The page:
9-1-1: Call if you can, Text if you can’t
Text-to-911 now available in Floyd County, BUT
TEXTING SHOULD ONLY BE USED WHEN YOU ARE UNABLE TO MAKE A VOICE CALL TO 9-1-1
The Iowa Department of Homeland Security and Emergency Management has upgraded the state’s 911 network to an Internet Protocol (IP)-based system, which is more robust and capable of handling new messaging technology. This new technology will eventually allow citizens to also contact 911 using video and picture messaging. Floyd County is among several Iowa counties serving as a pilot program for Text to 911 with the service being available to the remaining counties in mid 2016.
Text to 911 allows cell phone users to send a text message to 911 in an emergency. Currently, these phone carriers in Floyd County have provided the ability for customers to text 911: Verizon, AT&T, i-Wireless, Sprint, TMobile, U S Cellular, Comcast and Boostmobile. Text to 911 from other carriers will be coming in the future, check with your provider to see when the service will be available. Depending on your cell phone provider, not all residents in Floyd County will have the ability to text to 911 during emergencies.
If possible, it is always better to call 911 in an emergency. Text-to-911 was developed primarily for citizens who are hard of hearing, deaf, or speech impaired. Texting can be used in situations in which a voice call to 911 would endanger the caller, such as during a home invasion or domestic situation. Sending a text to 911 can also be helpful in situations in which a medical condition makes it impossible for the caller to speak.
Things to remember when texting 911:
• Voice calls are always preferred when possible.
• To send a text, enter the numbers “911” in the “To” field.
• The first text message to 9-1-1 should be brief and contain the location of the emergency and type of help needed.
• Push the “Send” button.
• Be prepared to answer follow up text messages and questions from the 9-1-1 dispatcher. You may need to silence your phone if you don’t want others to overhear your incoming notifications.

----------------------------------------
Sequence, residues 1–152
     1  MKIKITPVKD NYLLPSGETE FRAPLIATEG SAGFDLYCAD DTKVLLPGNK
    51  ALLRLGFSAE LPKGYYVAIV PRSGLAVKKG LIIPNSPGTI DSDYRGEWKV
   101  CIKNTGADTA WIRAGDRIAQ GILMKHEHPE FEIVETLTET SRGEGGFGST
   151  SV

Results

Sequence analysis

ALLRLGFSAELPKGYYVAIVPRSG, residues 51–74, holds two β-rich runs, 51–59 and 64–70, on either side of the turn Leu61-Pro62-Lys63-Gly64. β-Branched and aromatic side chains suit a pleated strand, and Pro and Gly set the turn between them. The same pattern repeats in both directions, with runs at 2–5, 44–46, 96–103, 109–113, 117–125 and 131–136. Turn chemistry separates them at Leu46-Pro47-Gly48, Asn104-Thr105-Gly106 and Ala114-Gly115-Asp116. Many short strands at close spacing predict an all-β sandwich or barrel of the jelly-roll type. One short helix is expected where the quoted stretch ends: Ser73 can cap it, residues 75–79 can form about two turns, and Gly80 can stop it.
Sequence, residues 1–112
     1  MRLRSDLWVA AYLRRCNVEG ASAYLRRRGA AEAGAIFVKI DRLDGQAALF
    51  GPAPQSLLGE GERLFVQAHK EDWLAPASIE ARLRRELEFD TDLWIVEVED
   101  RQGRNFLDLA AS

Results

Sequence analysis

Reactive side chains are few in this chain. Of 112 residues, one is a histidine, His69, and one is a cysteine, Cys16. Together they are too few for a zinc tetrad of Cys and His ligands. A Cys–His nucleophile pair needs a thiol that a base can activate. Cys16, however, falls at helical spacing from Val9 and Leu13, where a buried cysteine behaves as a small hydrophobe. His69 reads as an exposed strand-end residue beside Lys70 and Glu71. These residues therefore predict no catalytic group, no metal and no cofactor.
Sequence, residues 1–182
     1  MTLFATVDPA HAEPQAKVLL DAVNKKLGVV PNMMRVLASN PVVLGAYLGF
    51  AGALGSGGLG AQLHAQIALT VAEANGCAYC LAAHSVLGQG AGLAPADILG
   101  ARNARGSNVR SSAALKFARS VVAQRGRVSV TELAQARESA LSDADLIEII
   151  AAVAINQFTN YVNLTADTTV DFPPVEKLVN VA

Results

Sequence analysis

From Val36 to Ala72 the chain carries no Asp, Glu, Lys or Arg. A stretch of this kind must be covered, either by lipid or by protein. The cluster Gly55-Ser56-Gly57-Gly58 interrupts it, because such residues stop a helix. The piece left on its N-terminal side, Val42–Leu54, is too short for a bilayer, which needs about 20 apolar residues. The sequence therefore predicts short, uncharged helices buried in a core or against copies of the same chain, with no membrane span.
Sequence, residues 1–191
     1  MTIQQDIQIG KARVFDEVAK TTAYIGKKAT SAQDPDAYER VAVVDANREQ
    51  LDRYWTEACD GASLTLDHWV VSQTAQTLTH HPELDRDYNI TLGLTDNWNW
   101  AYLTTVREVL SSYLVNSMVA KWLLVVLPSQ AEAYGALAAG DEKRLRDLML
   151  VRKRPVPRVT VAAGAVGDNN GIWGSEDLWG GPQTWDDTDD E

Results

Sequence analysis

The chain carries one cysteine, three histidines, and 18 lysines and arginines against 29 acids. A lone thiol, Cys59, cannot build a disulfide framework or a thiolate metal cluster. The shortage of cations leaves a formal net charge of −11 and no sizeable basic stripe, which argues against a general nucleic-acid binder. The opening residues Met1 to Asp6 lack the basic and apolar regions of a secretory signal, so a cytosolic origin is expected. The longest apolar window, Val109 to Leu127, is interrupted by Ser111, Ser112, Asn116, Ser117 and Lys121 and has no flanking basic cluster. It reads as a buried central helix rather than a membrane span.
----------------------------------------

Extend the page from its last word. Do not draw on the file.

• Text in simple words – do not use texting abbreviations or slang. Keep text messages brief and concise.
• Be aware that even if your cell phone carrier in your county supports text messages to 911, there may be times when you are unable to send a text if your cell signal is picked up by a tower in a county where Text-to 911 is not available. If that happens, hang up and dial 911 to make a voice call to 911.
Below are a few things to know if you need to text 9-1-1:
• Text location information is not as accurate as current voice call location technology.
• As with all text messages, 9-1-1 messages can take longer to receive, can get out of order or may not be received.
• A text or data plan is required to place a text-to-9-1-1. Text-to-9-1-1 is not available if you are roaming.
• If texting to 9-1-1 is not available in your area, or is temporarily unavailable, you will receive a message indicating that texting 9-1-1 is not available and to contact 9-1-1 by other means.
• Photos and videos cannot be sent to 9-1-1 at this time.
• Text-to-9-1-1 cannot include more than one person. Do not send your 911 text to anyone other than 9-1-1.
DO NOT TEXT AND DRIVE!
For more information contact Jen Solomon, Floyd County 911 Coordinator at 641-257-6145 or firstname.lastname@example.org